"Why, it's Nick Cave in our very own saloon bar!" I whisper to Kentucky Jim. "I declare, 2008 truly IS going to be the best year ever!" Kentucky Jim shoots me a sidelong glance out of his good eye and nods almost imperceptibly.

The last trembling note of the guitar rings out in the crisp October air, and the Stranger starts to look as if he's eying the door. Hurriedly I pour him a tall glass of whiskey and take it to his table. "I reckon you're just what this town needs, Mister," I say, helping myself to a seat.

"Well, I thank you kindly, ma'am," he says, slamming the whiskey down in one gulp. Outside the dogs began to howl. Emanating from the low scrubby hills comes the ghostly cries of the coyotes. The Stranger looks at me. I look at him. Inside, my head is spinning like a merry-go-round. Remember the line in Your Funeral, My Trial that mentions "crooked bitches"? Well, it is with a growing awareness that I realize perhaps one day the Stranger will write a song describing me as a crooked bitch!

The Stranger seems to know what I'm thinking. "Is there a place a fella could hole up around here for the night?" he asks.

"I'll wager that Ruby's got something open," I tell him. "I'll have Quick Draw Jenny show you the way."

"I am truly grateful for your hospitality, ma'am."

"Please--call me Alison," I say. And just as suddenly as he arrived, the Stranger takes his leave.

The clock strikes, an hour later than I expect. "Alright, folks, finish them drinks!" Kentucky Jim shouts. The cowpokes and railroad men start to make their way out into the faint moonlight. The saloon cat, Camilla, hops onto the dark wood bar and I absentmindedly toss her a piece of scrap. The door swings open again.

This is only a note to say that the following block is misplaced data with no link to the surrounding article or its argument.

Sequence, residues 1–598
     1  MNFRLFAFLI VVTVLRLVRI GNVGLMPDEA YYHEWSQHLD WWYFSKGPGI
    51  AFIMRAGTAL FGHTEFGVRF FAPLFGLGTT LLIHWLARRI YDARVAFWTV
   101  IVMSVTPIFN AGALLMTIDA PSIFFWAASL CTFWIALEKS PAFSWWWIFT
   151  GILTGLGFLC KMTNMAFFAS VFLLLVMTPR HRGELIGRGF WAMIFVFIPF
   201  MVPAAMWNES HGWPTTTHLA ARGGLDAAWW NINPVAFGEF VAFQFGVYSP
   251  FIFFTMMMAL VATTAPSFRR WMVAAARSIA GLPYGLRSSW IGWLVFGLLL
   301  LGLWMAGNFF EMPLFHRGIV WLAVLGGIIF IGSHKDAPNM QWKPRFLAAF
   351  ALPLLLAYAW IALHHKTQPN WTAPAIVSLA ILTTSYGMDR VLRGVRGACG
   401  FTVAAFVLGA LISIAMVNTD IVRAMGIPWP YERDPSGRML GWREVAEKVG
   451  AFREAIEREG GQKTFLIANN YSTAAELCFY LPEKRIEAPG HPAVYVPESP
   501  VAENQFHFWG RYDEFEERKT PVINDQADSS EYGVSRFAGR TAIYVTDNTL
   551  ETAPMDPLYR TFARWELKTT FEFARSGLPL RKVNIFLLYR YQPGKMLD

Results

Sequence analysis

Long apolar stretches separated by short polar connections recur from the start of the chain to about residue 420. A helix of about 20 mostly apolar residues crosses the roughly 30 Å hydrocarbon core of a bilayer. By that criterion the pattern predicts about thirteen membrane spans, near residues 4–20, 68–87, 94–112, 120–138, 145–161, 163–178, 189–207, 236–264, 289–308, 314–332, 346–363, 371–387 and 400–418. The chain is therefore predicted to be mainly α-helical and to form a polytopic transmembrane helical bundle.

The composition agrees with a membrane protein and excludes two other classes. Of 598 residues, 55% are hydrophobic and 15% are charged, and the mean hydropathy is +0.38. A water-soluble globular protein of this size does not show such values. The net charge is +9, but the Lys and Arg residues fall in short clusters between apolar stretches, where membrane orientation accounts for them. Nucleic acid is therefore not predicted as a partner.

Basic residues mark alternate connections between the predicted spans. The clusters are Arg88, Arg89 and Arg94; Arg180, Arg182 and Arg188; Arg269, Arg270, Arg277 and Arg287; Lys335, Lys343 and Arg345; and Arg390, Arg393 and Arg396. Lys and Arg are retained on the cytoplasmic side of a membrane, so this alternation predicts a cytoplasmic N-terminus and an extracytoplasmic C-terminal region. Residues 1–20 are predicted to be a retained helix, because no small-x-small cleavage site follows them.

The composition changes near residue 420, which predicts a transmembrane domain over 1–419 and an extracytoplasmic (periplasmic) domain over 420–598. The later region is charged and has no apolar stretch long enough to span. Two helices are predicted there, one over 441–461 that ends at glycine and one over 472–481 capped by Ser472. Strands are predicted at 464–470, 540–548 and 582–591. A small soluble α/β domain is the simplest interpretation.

"This establishment is closed!" I call out, back to the door. The footsteps approach anyway and I turn around. It is my gentleman caller, Casey Affleck as he appears in the best movie of 2007, "The Assassination of Jesse James By the Coward Robert Ford"--the soundtrack to which will be released on November 5th on Mute Records, featuring songs by Nick Cave and Warren Ellis.

"I don't see how this is a time for joking," he says, straightening his mercury-treated felt bowler hat.

"Why, whatever are you talking about?"

"Now, Miss Alison, you know I value you a whole helluva lot more than the biggest gold nuggets the men are finding out in them there hills. And while I may have an anachronistic belief in feminism and human equality in general, I am going to have to put my foot down. I don't want you associating with the likes of that no account cowboy crooner," he says.

"What a darn silly thing to say," I protest.

"It ain't so damn silly," he interjects, cutting me off. "'Cause that man has a price on his head."

Hot damn! I can't believe I just wrote that whole ridiculous thing! And if you read it, well then, FUCK! I can't believe you just wasted minutes of your life on that sexy Cormac McCarthy rip-off! (Fun fact: there actually is news in there somewhere. See if you can find it!)

Oh yeah, man, this literary triumph is gonna be A PIECE OF CAKE. Can you see that? That's the sight of critics SWOONING as they discuss my latest smash hit of a novel. Can you hear that? That's the sound of royalties clinking in the pockets of my vintage Balenciaga opera jacket. Ahh it feels good to be me. Except for this damn cold.